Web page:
Banco Bilbao Vizcaya Argentaria SA, Spain’s second-biggest bank, reportedly has been unable to renew about $1 billion of short-term U.S. commercial paper since the beginning of this month.
BBVA’s difficulties come amid the debt crisis that is roiling Europe. Investors are worried that Greece’s woes will soon spread to Portugal and Spain.
During the weekend, Spain’s government had to seize a small savings bank, CajaSur.
As for BBVA, it still has access to substantial funding and deposits in Europe in addition to about $9 billion in U.S. commercial paper, The Wall Street Journal reports.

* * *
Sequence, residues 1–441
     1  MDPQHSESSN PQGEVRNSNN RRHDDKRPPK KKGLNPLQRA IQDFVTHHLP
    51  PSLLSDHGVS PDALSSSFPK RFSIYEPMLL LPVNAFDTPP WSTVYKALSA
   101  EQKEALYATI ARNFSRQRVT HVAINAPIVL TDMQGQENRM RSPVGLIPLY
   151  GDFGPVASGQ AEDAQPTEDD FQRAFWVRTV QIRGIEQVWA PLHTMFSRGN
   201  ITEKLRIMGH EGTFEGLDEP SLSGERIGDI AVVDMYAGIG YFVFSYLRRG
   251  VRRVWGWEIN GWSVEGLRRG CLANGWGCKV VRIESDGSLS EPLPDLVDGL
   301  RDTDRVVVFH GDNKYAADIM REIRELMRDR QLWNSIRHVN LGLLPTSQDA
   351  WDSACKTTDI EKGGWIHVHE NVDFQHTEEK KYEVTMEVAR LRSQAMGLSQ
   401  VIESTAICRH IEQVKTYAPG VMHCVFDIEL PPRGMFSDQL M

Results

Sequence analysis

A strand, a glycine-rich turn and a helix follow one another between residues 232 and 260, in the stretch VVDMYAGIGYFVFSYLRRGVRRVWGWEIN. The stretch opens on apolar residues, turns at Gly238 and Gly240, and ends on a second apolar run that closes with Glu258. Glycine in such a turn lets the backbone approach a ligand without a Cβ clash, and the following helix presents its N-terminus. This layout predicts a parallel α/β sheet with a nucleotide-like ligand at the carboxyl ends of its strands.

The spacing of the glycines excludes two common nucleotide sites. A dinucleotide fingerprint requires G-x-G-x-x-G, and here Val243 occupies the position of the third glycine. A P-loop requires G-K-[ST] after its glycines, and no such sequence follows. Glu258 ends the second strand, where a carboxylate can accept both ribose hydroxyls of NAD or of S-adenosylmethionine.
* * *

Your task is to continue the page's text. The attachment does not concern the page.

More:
Spanish bank shares have tanked this year, with investors worried about the strength of economic recovery and the government’s ability to trim the budget deficit.
The government forecasts the deficit will total 9.3 percent of GDP this year.
BBVA shares have slumped 36 percent since Jan. 1, though the bank registered a profit of 1.2 billion euros ($1.5 billion) in the first quarter.
Banks across Europe are suffering from Libor’s rise to a 10-month high. Libor – the London Interbank Offered Rate – is what banks charge each other for short-term loans.
The Libor increase spells bad news for the global economy and credit markets, experts say.
"The direction is telling you where the economy is heading. It's very bad," Michael Pento, chief market strategist at Delta Global Advisors, told CNBC.
"We didn't learn much from the 2008-2009 credit crisis.”
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